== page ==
You can ask also technical advice to Nidacore if you show you are a serious customer with the money for your project. Sorry to say that some amateurs are worst than bugs and mosquitoes during a picnic for marine suppliers, and naval architects.

    Compounded plywood and cylinder mold are very effective methods for some hulls as multihulls. The results are be very good for a technic that a home builder can master. The variations are innumerable.

    Coming back to the thread; PAR is totally right. There is a requisite on local stresses like a jumping sailor and puncture resistance that makes foam sandwiches useless for amateur builders in the small sizes.

    A part the problem of price of the materials (foam is many times more expensive than plywood and you'll need a lot of resins, putties, and cloth), the boat wild need at least twice the work for a very disapointing result.

    The hard work hull will result ugly (it's very difficult to finish male mold sandwich boats compared to plywood which is so smooth) and probably heavier that the plywood boat.

    It's impossible to a home builder to reproduce the light high tech sandwiches, which use female molds, vacuum, oven, controlled environment and skilled workers after a expensively paid engineering study.

    Myself I use plywood and strip plank in small boats( until 30 feet), while I have the technical expertise and long experience of sandwiches. In fact, it's because I have the technical expertise about sandwiches, that I prefer plywood on simple and small projects.

    Cheap, light, strong, durable, no delamination issues, no blisters, easy to work, easy to repair and maintain. What do you want more? Use always a marine BS 1088 plywood, it makes your life nicer...It pays itself its price. Those having used Fir exterior plywood will understand me.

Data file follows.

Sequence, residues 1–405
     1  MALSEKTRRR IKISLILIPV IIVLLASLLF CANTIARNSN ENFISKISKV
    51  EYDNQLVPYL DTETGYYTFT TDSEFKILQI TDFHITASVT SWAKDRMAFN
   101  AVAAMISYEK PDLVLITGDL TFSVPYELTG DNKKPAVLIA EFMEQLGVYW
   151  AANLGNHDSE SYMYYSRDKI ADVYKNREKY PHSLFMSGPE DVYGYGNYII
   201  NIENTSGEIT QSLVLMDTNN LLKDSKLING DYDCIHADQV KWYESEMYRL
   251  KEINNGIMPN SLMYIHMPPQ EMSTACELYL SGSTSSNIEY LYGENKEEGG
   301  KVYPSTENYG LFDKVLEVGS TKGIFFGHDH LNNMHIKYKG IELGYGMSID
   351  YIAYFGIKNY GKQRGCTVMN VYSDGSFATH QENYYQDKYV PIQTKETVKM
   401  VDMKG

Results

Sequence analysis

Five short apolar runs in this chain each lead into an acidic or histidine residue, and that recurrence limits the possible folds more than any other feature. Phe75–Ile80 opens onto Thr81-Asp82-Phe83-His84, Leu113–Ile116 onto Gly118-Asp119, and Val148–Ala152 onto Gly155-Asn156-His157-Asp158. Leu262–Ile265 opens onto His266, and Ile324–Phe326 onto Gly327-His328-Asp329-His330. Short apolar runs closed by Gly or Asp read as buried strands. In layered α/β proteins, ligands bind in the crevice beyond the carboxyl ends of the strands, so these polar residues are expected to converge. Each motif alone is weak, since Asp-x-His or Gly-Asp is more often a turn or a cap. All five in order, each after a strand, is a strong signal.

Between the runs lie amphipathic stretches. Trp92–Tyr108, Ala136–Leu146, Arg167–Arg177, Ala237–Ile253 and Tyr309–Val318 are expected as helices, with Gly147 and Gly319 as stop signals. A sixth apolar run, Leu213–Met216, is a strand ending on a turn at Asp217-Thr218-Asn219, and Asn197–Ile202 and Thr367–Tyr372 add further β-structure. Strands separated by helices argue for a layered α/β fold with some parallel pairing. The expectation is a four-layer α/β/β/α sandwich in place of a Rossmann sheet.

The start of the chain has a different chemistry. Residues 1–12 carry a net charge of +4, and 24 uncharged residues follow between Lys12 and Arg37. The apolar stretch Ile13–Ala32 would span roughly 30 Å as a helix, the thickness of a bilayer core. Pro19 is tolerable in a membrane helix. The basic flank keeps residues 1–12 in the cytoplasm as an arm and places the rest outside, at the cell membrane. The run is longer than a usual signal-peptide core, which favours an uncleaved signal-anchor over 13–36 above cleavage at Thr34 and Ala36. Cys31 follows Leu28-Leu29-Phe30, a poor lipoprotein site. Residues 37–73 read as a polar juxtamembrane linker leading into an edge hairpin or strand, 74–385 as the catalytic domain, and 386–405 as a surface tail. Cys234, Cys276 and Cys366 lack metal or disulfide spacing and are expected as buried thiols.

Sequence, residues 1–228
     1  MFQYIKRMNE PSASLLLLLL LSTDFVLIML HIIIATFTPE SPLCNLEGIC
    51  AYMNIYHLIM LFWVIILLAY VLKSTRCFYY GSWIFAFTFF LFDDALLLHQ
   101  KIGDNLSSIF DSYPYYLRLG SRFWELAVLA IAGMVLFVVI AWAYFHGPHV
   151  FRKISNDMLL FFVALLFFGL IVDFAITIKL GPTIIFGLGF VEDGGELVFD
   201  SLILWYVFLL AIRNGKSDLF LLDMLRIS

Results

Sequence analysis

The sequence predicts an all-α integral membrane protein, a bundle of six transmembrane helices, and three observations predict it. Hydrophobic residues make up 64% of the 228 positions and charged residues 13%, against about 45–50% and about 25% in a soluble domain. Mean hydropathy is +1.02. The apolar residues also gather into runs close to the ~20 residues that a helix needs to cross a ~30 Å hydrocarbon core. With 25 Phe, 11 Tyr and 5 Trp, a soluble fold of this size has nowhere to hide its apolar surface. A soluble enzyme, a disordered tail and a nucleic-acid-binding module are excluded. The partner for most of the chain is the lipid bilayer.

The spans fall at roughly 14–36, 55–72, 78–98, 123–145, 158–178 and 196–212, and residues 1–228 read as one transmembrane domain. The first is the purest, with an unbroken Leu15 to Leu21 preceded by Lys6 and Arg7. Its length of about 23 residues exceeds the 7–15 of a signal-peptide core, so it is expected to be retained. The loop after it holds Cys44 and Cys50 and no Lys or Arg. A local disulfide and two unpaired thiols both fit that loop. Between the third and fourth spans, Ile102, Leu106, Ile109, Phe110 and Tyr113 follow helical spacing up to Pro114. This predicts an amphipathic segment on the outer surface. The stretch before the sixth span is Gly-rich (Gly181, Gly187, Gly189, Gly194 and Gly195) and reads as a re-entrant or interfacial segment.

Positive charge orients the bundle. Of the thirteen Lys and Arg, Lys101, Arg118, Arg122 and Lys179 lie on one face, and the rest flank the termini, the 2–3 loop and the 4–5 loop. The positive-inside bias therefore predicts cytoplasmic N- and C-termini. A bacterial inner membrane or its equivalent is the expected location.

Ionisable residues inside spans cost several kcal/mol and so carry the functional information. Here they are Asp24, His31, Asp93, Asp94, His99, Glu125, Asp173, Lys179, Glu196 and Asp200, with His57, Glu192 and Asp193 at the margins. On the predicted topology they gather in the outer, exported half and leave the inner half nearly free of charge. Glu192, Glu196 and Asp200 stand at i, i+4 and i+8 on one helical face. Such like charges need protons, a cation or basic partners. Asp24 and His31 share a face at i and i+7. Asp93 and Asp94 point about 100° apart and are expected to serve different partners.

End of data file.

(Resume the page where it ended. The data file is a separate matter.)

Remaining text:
An example: the team of the high tech Class C Yellow Pages used 3 mm plywood for the 27 feet hulls...cheaper, simpler and almost as effective as carbon. And they are very qualified guys.
     
  9. Slowmo
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    Slowmo Junior Member

    Inside a small boat only "exposed areas" need fibre.

    Weave can be reasonable impregnated (doing it separately) with epoxy without vacuum, but not perfectly.


    *** LOWER WEIGHT ***

    Is it even possible in practice for the homebuilder to lower the weight of a standard playwood design?


    *** Plywood + honeycomb ***

    There is one obvious problem. That is when applying a non perfect shape on the honeycomb it will collapse. Or very easily do so.

    Honeycomb is very sesitive to forces applied in other angles then the theoretical optimum.

    In the aircraft industry honeycombs allways are used in the exact shape in combination with prefabricated laminates of exact the same shape.
     
  10. mistral
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    mistral Senior Member

    1)external sheeting with 3-4mm plywood or 1500gr/m2 chopped strand mat+wave roven (CSM500 g/m2+ WR 500+ CSM500)
    2)see above